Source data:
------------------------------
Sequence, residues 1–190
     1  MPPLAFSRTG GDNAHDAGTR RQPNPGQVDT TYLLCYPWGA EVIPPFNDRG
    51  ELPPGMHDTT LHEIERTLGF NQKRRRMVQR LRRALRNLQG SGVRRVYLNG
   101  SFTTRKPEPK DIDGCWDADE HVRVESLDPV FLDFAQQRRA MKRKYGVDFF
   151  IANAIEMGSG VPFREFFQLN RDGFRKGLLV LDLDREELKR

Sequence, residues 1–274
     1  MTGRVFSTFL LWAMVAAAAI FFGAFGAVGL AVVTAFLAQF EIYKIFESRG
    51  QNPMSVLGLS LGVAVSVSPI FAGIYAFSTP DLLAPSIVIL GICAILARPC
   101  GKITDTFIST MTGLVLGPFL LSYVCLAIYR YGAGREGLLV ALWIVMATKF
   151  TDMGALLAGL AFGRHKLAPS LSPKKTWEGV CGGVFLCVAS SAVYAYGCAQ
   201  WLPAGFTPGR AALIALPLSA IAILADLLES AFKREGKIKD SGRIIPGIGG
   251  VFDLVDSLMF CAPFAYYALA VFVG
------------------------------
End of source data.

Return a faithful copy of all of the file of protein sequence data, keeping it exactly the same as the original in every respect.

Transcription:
Sequence, residues 1–190
     1  MPPLAFSRTG GDNAHDAGTR RQPNPGQVDT TYLLCYPWGA EVIPPFNDRG
    51  ELPPGMHDTT LHEIERTLGF NQKRRRMVQR LRRALRNLQG SGVRRVYLNG
   101  SFTTRKPEPK DIDGCWDADE HVRVESLDPV FLDFAQQRRA MKRKYGVDFF
   151  IANAIEMGSG VPFREFFQLN RDGFRKGLLV LDLDREELKR

Sequence, residues 1–274
     1  MTGRVFSTFL LWAMVAAAAI FFGAFGAVGL AVVTAFLAQF EIYKIFESRG
    51  QNPMSVLGLS LGVAVSVSPI FAGIYAFSTP DLLAPSIVIL GICAILARPC
   101  GKITDTFIST MTGLVLGPFL LSYVCLAIYR YGAGREGLLV ALWIVMATKF
   151  TDMGALLAGL AFGRHKLAPS LSPKKTWEGV CGGVFLCVAS SAVYAYGCAQ
   201  WLPAGFTPGR AALIALPLSA IAILADLLES AFKREGKIKD SGRIIPGIGG
   251  VFDLVDSLMF CAPFAYYALA VFVG